By Sarah W.
The cowbird is one of the early birds to show up en masse in our area. You know that Spring egg-laying season is immanent when you start seeing these birds. What’s the connection? It is parasitism, because the cowbird does not construct a nest, but lays her eggs in the nests of other species.
How did this come about? In the past, cowbirds would obtain their food by following the buffalo herds. They picked ticks and parasites off the buffalo, hopping along behind them scarfing up the insects and seeds stirred up by their hooves as they moved over the plains. This was not conducive to incubating and feeding nestlings. The evolutionary solution was to have another bird raise their young.
We know what happened to the buffalo. As a result, the cowbirds probably began following domestic cattle and the plow thus continuing their “free and easy lifestyle,” laying eggs in many species’ nests. (When I was a farmer, cowbirds would sometimes follow after me as I rototilled, unbothered by this noisy critter that churned up food for them.)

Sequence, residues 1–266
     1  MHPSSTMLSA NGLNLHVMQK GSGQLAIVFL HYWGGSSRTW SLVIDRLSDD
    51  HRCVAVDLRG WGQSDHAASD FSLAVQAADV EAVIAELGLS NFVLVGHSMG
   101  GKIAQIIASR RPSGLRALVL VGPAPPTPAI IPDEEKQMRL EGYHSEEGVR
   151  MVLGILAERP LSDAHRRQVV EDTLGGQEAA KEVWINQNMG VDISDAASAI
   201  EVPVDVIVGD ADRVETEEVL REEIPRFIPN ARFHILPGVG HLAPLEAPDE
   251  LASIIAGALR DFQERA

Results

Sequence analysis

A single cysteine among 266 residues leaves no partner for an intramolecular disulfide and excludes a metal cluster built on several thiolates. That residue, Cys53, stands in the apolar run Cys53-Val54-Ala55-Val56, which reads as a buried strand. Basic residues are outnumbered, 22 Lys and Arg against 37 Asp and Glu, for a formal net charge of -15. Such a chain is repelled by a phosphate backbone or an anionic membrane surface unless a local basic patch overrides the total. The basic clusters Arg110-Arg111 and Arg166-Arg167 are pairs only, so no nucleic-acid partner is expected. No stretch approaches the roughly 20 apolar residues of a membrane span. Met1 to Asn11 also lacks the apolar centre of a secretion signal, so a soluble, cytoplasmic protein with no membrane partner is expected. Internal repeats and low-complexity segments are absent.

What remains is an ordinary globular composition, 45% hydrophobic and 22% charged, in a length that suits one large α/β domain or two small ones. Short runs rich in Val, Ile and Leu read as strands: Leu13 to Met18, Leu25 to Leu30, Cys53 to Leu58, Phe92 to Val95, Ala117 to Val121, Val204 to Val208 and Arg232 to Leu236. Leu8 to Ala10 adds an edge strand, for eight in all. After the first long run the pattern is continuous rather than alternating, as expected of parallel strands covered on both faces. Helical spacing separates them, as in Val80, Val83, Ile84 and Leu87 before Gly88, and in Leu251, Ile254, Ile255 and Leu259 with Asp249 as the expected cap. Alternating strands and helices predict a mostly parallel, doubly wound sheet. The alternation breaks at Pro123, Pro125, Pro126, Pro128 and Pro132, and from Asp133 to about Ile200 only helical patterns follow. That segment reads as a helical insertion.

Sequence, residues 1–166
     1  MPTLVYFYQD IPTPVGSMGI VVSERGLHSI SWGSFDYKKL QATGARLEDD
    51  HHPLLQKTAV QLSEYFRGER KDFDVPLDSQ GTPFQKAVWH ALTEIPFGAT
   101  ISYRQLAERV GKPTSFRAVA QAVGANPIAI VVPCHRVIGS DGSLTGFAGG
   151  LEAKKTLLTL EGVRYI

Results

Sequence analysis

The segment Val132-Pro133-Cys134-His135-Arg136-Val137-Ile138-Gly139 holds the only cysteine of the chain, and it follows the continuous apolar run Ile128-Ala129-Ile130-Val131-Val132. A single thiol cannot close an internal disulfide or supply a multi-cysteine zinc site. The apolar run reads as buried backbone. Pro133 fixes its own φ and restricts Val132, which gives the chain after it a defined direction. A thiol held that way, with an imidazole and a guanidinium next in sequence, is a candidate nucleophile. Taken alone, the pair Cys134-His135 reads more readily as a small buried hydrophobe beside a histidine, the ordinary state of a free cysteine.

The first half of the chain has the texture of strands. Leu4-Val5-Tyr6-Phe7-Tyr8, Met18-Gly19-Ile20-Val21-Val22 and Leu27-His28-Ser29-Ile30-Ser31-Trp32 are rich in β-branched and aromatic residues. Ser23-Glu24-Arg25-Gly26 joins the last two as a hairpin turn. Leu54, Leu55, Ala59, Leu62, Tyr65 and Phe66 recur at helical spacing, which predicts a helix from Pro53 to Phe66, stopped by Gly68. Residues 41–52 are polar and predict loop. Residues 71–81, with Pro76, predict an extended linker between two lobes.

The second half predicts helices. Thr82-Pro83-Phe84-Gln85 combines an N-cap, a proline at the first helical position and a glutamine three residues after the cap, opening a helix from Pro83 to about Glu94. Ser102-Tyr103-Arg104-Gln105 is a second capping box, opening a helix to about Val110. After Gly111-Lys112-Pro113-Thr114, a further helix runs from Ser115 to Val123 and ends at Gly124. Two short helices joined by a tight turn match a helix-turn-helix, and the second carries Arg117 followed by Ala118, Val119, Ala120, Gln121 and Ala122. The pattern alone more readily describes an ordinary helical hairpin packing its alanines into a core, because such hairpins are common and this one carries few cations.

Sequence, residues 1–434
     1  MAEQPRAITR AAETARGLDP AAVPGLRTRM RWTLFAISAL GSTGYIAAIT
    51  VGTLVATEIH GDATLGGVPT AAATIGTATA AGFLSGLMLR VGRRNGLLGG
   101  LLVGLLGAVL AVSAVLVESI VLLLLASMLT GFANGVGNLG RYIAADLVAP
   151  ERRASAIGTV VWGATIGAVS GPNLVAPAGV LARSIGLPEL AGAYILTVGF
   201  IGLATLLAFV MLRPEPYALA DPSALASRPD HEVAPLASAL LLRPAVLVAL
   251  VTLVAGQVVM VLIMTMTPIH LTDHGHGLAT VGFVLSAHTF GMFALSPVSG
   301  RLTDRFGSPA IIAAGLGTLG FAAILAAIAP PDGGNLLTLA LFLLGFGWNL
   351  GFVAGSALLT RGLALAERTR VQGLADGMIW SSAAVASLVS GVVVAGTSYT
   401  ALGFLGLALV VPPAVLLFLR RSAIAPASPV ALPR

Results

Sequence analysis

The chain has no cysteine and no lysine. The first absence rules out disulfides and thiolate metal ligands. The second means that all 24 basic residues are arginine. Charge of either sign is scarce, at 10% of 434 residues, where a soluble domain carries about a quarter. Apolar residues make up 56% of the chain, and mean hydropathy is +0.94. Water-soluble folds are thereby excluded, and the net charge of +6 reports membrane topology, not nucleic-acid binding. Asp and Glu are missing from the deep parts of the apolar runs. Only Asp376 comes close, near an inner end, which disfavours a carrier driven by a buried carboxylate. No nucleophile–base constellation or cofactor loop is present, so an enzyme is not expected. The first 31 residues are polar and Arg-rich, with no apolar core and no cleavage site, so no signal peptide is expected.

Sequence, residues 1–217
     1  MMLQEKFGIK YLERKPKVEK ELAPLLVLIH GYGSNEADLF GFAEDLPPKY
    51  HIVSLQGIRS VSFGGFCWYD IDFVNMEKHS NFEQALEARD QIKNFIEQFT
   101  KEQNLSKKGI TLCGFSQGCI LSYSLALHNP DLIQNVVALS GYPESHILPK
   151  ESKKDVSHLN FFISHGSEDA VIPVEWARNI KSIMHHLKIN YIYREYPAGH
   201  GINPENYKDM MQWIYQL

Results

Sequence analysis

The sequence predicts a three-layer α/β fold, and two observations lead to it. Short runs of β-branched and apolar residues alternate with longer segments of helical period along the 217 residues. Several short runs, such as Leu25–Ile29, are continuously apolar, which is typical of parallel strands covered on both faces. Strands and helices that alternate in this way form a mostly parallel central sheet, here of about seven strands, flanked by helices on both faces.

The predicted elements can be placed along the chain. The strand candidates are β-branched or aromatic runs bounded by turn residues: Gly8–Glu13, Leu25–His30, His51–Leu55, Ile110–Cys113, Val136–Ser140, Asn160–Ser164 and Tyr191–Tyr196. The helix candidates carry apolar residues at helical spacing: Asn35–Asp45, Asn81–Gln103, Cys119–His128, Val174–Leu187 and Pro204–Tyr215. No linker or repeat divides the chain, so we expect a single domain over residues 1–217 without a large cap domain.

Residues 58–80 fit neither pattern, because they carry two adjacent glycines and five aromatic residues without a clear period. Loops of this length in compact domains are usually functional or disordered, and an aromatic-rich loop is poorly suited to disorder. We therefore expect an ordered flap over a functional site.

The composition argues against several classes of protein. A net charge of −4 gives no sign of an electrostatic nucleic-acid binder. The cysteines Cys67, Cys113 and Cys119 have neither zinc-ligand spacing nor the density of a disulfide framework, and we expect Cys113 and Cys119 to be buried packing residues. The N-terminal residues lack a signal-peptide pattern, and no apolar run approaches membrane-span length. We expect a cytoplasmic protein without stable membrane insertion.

Sometimes a songbird will build over the cowbird eggs to smother them. Occasionally one is able to toss the foreign egg out of the nest. But many cowbird eggs do hatch and are raised by the “foster” parents. (I am trying not to be too upset at this – I tell myself that it’s evolution.) Songbirds have many more human-caused perils that are diminishing their numbers.If you have ground feeding yard birds, see if you can pick out the cowbirds. The male is sleek and shiny with a brown head and black body. The female is a nondescript brown-camouflaged well to slip onto a nest, lay her egg and be gone.
If you have ground feeding yard birds, try to pick out the cowbirds. Let us know if you see them (and send us photos)! The male is sleek and shiny with a brown head and black body. The female is a nondescript brown–the perfect camouflage to slip onto a nest, lay her egg and be gone.